Brexit on Track & Unexpected Consequences

There are many lessons to be drawn from last week's election result. One of these is that the print media no longer matter very much any more except as fodder for social media comment and argument.

Although the broadcast media are still powerful (Prime Minister May damaged her prospects by not engaging with it), the main forum for voting decisions is increasingly to be found in a myriad of overlapping networks on social media. The mobilisation of voters and of their enthusiasm for action is generated not passively through reading but through direct debate and discussion.

Politicians who have no immediate power pretend to power by being seen in the print media. The latest iteration of this is the post-election effort by a range of liberal centrists to try to bounce the Government into a 'national consensus' which is clearly little more than cover for an attempt to soften Brexit and return to the soft corporatism desired by the Labour Right and the pro-business element in the Tory Party. In fact, some party collaboration is likely but it is going to be a matter for the Prime Minister and the Leader of the Labour Party and not the has-been old elite.

The decisions of these two Leaders and their advisory structures are what matter. The rest is mere bleating until another election takes place. Perhaps the most surprising thing about the last few days is not the radically enhanced position of Jeremy Corbyn but the survival of Theresa May. Instead of being knifed in a dark alley for her failures, she has been re-endorsed by the Cabinet and by the 1922 Committee as the best person to see through the forthcoming negotiations. Indeed, the Tories have affirmed not Brexit but austerity as that which should give them pause for thought.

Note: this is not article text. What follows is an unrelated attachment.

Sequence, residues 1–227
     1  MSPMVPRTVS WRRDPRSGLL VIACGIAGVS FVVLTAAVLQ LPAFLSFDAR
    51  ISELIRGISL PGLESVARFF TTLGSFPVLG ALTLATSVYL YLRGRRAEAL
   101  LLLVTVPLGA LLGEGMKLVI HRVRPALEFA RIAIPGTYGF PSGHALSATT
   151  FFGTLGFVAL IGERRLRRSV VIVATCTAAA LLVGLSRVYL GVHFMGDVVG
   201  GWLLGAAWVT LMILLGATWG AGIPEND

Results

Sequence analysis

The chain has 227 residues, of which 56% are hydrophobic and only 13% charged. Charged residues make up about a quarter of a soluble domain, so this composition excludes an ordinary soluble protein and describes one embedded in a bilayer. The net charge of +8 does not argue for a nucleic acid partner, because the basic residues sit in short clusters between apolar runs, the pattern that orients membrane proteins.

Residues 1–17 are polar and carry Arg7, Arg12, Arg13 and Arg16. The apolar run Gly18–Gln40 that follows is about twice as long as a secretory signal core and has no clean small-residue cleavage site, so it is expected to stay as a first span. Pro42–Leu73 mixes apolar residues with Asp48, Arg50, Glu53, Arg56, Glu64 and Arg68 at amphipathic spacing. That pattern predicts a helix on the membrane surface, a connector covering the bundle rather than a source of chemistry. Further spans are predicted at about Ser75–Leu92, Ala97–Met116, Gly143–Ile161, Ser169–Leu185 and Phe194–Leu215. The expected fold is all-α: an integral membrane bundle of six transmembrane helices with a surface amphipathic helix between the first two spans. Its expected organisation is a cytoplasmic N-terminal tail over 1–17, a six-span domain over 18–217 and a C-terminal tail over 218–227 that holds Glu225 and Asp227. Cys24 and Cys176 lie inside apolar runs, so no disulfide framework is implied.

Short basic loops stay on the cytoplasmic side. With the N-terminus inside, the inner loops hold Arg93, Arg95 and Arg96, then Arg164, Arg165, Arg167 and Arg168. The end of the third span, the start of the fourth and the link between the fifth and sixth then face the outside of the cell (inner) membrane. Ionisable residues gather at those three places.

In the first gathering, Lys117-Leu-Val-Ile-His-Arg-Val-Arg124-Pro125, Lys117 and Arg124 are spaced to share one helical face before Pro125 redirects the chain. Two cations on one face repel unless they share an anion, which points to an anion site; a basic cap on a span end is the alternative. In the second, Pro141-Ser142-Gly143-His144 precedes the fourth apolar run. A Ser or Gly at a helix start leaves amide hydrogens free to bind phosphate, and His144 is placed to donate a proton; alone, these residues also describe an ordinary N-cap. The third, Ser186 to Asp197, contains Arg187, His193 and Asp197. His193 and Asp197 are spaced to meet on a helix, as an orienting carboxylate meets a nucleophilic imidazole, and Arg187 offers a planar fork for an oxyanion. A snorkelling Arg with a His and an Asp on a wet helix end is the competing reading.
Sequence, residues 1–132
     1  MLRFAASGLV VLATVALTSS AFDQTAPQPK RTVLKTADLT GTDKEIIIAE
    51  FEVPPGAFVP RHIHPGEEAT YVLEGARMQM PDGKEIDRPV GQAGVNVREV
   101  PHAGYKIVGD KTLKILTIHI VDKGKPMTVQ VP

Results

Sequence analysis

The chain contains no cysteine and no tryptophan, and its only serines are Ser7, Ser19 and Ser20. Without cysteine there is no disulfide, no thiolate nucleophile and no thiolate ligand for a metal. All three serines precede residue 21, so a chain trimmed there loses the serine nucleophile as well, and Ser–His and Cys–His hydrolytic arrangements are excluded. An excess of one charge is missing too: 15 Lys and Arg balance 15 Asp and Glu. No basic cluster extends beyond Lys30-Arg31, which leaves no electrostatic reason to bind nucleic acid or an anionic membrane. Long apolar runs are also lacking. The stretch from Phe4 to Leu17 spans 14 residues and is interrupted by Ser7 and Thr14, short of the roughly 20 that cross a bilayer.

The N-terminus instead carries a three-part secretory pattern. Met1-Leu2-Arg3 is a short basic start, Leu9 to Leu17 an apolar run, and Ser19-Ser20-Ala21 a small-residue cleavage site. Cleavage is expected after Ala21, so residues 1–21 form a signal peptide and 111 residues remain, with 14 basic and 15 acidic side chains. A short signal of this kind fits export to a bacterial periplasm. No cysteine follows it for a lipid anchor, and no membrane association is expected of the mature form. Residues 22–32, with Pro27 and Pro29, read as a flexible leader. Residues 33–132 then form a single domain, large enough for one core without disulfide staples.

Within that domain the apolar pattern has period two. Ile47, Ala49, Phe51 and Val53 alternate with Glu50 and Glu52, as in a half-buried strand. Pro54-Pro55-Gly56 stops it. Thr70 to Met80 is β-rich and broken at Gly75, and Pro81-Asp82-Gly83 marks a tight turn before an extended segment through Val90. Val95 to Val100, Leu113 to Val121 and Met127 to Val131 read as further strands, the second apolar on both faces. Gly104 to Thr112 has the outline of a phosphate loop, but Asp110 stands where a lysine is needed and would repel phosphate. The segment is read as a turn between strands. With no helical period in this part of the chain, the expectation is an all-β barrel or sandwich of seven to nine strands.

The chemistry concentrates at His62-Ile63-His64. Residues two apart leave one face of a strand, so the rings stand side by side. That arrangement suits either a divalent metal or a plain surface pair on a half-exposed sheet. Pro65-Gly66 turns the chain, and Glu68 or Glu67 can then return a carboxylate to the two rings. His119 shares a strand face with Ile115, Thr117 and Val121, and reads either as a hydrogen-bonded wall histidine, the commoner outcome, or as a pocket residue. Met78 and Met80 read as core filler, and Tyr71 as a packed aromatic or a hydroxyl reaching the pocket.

You would think that Labour, which benefited from a surge of protesting urban liberal Remainer votes, would take a stand for a substantial softening of Brexit but not a bit of it. Within days of the result, the big beasts of Labour (McDonnell, Corbyn, Starmer and Gardiner) ralled around a very simple position absolutely accepting Brexit as the democratic decision of the people and then going further to question the liberal shibboleth of the Single Market. It took time for this sink in but it means that Labour is not suddenly going to become the Liberal Democrats. Quite the contrary.

Corbyn was given unparalleled authority and Labour saw recovery not just on the votes of southern liberals but also on the return of those working class people outside London and the South East who had distrusted him and yet who were critical to Labour's national recovery. Labour threw back an assault of the Tories on its Northern and Welsh constituencies. May's bid to use Brexit populism to get a national landslide was broken on the back of a working class return to what was unabashed old-style socialism. There was no 'Red UKIP' but these Labour voters did not cease to be Brexiters.

Similarly, the youth vote was not a middle class liberal anti-Brexit vote but a vote by a generation mobilised in its own interest by very clever activists engaged in classical class-based tactics. These are people who are not going to be happy if the Labour Leadership decides to shift its emphasis from defeating austerity to the defunct business of trying to spoil a decision made democratically a year ago. And so Labour now has its distinctive socialist position on Brexit, It is not a liberal one and not necessarily a soft one by any means. Brexit may now be the creature of class politics but it will happen.